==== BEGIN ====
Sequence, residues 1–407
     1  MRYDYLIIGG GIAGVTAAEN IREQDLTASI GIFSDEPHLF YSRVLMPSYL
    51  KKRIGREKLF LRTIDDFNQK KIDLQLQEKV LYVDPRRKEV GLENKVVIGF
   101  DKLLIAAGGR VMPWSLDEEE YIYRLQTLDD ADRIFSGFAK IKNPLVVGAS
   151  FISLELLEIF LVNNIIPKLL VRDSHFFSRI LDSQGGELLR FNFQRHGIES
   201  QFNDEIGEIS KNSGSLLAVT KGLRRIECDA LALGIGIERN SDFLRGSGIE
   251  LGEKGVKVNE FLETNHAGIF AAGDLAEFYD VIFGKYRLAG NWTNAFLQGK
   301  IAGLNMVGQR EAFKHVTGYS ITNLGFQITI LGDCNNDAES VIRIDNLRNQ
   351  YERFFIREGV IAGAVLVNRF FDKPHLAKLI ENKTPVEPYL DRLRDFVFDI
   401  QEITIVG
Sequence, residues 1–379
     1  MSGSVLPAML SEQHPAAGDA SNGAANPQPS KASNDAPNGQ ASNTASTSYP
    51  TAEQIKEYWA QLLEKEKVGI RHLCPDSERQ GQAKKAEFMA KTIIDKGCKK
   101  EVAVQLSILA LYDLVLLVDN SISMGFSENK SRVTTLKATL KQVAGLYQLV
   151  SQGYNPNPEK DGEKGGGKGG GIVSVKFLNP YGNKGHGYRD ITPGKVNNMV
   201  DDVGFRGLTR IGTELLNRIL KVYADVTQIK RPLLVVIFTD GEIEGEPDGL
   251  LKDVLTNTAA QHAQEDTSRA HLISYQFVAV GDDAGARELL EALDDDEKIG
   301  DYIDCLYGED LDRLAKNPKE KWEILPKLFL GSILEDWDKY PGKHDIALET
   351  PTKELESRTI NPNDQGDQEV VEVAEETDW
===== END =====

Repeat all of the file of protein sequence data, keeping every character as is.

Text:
Sequence, residues 1–407
     1  MRYDYLIIGG GIAGVTAAEN IREQDLTASI GIFSDEPHLF YSRVLMPSYL
    51  KKRIGREKLF LRTIDDFNQK KIDLQLQEKV LYVDPRRKEV GLENKVVIGF
   101  DKLLIAAGGR VMPWSLDEEE YIYRLQTLDD ADRIFSGFAK IKNPLVVGAS
   151  FISLELLEIF LVNNIIPKLL VRDSHFFSRI LDSQGGELLR FNFQRHGIES
   201  QFNDEIGEIS KNSGSLLAVT KGLRRIECDA LALGIGIERN SDFLRGSGIE
   251  LGEKGVKVNE FLETNHAGIF AAGDLAEFYD VIFGKYRLAG NWTNAFLQGK
   301  IAGLNMVGQR EAFKHVTGYS ITNLGFQITI LGDCNNDAES VIRIDNLRNQ
   351  YERFFIREGV IAGAVLVNRF FDKPHLAKLI ENKTPVEPYL DRLRDFVFDI
   401  QEITIVG
Sequence, residues 1–379
     1  MSGSVLPAML SEQHPAAGDA SNGAANPQPS KASNDAPNGQ ASNTASTSYP
    51  TAEQIKEYWA QLLEKEKVGI RHLCPDSERQ GQAKKAEFMA KTIIDKGCKK
   101  EVAVQLSILA LYDLVLLVDN SISMGFSENK SRVTTLKATL KQVAGLYQLV
   151  SQGYNPNPEK DGEKGGGKGG GIVSVKFLNP YGNKGHGYRD ITPGKVNNMV
   201  DDVGFRGLTR IGTELLNRIL KVYADVTQIK RPLLVVIFTD GEIEGEPDGL
   251  LKDVLTNTAA QHAQEDTSRA HLISYQFVAV GDDAGARELL EALDDDEKIG
   301  DYIDCLYGED LDRLAKNPKE KWEILPKLFL GSILEDWDKY PGKHDIALET
   351  PTKELESRTI NPNDQGDQEV VEVAEETDW